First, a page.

I am now full of myself  grin I should say I'm full IN myself. I get my emotional support primarily from inside, and then if I want a little extra comfort - as all humans need from time to time - I allow myself to be vulnerable around people I can trust, and I ask for help. But I never demand it anymore, or feel that primal rage at those who "deny" me it.[/b]

Oceanhart, I could've written those words myself. I also sometimes think i might as well die so I can stop going thru this.  I'm just now facing the feeling of emotional emptiness you described, and am realizing that in fact, I am and always have been, an emotionally dependent person, never being able to be without a partner for more than... a few months at most. Always filling the emptiness inside with someone or something (all unhealthy). These days, as I deal with yet another break-up... I finally get to see this very clearly.  My (codep) recovery work while incredibly helpful, is leaving some gaps, unanswered questions, things I feel need to be resolved before I can move on into a healthier way of life, one that is filled from within rather than from the outside. I realize that I don't know how to take care of my emotional needs, how to even begin to do that.  I suspect that therapy will be the way to find some of those answers. Thank you for your very insightful posts.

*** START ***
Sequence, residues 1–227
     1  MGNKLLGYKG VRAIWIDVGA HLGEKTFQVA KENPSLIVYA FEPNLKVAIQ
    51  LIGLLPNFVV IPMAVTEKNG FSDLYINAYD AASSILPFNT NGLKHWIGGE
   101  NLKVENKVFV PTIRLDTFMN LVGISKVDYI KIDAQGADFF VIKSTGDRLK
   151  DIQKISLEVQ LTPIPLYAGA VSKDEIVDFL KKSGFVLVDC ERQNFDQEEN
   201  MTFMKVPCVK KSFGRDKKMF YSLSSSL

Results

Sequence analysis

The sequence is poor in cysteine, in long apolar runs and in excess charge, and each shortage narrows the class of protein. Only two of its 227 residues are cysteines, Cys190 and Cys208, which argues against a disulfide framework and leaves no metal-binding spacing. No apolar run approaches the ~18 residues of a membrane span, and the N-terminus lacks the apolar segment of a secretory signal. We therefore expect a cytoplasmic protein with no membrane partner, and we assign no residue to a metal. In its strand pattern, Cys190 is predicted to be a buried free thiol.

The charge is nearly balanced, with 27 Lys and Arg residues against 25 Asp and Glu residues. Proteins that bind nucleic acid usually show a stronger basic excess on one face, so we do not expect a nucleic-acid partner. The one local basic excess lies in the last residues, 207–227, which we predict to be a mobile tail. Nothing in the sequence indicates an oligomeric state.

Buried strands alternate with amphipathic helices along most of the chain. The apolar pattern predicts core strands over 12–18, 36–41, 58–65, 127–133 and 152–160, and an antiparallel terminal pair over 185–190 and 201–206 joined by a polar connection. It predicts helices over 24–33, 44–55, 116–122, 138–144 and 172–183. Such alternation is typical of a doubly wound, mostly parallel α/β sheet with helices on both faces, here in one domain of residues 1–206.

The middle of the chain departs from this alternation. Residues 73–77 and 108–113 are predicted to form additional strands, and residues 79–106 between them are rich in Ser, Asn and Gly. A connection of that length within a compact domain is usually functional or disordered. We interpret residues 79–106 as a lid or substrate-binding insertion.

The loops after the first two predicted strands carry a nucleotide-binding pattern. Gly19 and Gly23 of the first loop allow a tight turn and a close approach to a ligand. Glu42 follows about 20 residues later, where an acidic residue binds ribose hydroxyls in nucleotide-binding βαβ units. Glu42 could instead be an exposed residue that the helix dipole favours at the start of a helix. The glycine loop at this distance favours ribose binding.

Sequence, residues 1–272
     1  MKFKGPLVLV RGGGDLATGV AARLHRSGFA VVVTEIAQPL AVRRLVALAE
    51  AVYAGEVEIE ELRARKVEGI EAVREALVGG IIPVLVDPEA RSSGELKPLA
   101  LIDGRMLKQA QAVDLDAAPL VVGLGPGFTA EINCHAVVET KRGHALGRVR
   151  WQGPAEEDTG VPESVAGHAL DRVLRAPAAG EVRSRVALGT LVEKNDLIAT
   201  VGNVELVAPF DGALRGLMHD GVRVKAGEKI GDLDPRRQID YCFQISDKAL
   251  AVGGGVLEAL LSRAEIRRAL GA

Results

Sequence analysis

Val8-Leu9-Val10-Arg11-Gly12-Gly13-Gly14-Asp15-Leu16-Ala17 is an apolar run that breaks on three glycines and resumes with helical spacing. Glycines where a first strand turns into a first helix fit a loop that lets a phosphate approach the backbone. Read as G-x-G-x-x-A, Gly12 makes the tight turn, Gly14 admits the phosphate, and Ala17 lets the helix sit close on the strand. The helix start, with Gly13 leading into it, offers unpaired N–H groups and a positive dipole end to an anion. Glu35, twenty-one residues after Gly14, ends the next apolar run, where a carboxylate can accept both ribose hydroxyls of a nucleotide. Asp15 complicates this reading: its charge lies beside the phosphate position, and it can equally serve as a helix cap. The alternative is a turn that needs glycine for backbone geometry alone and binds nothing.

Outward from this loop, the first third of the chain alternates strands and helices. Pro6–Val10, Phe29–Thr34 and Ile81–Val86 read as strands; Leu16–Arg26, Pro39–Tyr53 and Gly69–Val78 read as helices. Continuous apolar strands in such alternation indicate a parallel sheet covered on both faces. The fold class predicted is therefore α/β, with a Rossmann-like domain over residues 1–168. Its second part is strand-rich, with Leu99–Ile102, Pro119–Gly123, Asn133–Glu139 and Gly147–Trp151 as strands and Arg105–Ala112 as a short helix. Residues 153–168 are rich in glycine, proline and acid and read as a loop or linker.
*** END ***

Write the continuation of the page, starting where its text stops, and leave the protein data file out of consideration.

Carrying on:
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watercolor313
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« Reply #16 on: April 20, 2011, 11:59:01 AM »